Cultivating a strong middle management culture is a key to creating a great workplace, according to an article in Becker's Hospital Review.
The supervisor relationship was the No. 1 factor in employee satisfaction among women in the healthcare industry, Quint Studer, founder of Studer Group, said in the article. That means organizations must focus on engagement efforts in this area.
Healthcare systems and hospitals can make their company a better place to work by:
Unifying leadership styles and techniques. As health systems grow larger and more complex, they must have a systematic hiring and training process. Every manager must learn and know how to run an effective meeting, manage financial resources and address employee issues, according to the article.
Fostering professional development. Offer an even playing field in leadership training--working with both natural leaders and with those who need more guidance and assistance. Hospital leaders must identify where middle managers are in their skill development and train them to successfully interact with staff and understand the work environment, according to Becker's.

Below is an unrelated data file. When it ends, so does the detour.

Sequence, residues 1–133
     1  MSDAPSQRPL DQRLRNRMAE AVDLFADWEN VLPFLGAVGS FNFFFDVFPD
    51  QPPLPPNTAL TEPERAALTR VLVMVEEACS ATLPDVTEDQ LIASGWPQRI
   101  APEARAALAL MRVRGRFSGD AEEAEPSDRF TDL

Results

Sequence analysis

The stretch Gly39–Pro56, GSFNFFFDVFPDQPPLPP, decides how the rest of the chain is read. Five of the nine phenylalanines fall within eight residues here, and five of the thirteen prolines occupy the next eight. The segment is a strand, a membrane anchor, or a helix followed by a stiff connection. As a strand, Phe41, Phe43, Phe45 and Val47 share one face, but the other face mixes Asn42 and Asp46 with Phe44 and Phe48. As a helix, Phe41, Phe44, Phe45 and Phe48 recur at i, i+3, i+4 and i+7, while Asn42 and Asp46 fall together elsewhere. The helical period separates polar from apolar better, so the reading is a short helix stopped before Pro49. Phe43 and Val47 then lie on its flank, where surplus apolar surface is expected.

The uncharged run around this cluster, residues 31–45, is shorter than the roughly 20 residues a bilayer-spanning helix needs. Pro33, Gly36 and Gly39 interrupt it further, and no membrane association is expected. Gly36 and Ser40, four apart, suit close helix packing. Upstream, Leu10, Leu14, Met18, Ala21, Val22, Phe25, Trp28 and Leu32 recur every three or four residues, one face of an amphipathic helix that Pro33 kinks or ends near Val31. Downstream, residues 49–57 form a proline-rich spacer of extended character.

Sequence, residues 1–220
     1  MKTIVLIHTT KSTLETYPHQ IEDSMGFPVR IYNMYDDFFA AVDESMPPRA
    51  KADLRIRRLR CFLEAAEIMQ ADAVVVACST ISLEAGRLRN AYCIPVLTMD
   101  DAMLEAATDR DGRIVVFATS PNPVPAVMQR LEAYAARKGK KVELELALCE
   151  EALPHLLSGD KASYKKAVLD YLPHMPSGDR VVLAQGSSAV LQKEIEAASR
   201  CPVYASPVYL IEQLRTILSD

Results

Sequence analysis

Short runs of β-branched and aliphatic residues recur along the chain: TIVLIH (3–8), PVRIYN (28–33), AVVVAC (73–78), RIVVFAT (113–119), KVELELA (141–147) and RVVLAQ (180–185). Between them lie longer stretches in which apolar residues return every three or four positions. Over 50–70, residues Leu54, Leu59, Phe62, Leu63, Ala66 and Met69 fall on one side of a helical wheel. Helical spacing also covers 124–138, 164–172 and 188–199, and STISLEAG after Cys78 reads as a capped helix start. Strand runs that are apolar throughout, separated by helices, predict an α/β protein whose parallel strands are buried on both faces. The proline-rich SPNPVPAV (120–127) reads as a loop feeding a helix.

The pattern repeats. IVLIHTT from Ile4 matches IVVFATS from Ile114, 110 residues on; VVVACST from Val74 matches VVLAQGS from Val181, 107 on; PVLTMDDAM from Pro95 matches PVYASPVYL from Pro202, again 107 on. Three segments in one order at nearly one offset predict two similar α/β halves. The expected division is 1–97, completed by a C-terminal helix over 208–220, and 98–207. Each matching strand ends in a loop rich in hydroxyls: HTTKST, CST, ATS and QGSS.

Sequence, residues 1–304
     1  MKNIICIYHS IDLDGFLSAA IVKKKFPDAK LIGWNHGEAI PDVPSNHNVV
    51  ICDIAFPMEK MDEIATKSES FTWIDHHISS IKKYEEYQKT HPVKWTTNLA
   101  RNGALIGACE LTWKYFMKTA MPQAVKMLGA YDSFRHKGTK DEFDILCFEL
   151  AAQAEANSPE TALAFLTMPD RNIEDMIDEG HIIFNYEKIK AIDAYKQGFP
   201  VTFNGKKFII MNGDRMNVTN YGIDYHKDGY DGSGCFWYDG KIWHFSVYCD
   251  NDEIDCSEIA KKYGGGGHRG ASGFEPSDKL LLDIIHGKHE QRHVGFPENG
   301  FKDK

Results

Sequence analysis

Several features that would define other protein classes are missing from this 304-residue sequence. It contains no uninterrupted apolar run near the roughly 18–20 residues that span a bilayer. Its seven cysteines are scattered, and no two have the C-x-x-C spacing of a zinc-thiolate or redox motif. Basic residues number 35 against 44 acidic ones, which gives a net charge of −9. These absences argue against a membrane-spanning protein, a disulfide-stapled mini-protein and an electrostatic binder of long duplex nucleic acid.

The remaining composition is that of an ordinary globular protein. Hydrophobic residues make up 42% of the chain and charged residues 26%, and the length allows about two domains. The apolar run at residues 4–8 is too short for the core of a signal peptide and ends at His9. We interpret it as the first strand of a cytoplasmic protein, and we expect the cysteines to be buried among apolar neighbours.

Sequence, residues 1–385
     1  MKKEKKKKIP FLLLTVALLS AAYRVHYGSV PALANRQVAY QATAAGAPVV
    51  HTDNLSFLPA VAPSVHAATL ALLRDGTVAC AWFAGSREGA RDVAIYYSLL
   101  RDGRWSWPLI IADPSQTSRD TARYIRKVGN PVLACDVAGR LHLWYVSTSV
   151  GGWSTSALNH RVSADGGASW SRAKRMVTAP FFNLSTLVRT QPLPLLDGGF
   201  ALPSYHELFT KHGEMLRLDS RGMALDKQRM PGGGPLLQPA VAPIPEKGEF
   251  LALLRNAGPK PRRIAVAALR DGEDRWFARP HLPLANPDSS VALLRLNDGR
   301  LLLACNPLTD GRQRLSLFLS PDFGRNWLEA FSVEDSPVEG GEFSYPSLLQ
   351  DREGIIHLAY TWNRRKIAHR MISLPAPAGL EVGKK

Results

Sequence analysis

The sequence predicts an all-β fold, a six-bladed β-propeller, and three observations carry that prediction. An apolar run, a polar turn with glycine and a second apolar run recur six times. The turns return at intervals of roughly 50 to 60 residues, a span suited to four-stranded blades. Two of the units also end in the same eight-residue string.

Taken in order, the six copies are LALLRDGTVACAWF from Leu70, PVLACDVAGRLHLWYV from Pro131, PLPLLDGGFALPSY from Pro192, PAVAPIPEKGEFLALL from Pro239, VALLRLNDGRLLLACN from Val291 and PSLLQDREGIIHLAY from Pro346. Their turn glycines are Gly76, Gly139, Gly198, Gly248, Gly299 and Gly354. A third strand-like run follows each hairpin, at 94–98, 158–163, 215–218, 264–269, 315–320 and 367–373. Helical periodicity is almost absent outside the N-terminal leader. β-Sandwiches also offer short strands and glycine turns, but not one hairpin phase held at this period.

Identifying priorities. Senior leaders must sit down with middle managers and identify five goals to prevent managers from getting overwhelmed, assigning those goals in time allotments rather than an ordered list. "Say, 'Here's 100 percent of your time. We want 30 percent spent on this, another 30 percent goes here,' and so on," Studer said in the article. Gauge progress using performance evaluation, weighing performance for each priority.
Meeting regularly with management. Hold meetings at least once a month at a scheduled time in order to stay involved with planning and development, Studer told Becker's. Leaders should assist managers in any way possible, engaging them and showcasing the importance of thorough communication.
It costs hospitals less to develop and retain leadership in-house than to hire and train new management, FierceHealthcare previously reported. Hospitals that don't groom internal leaders spend four times more to replace and train nurses than hospitals emphasizing leadership development, concluded the 2012 Healthcare Management Survey, conducted by Talent Management Consulting.
To learn more:
- here's the article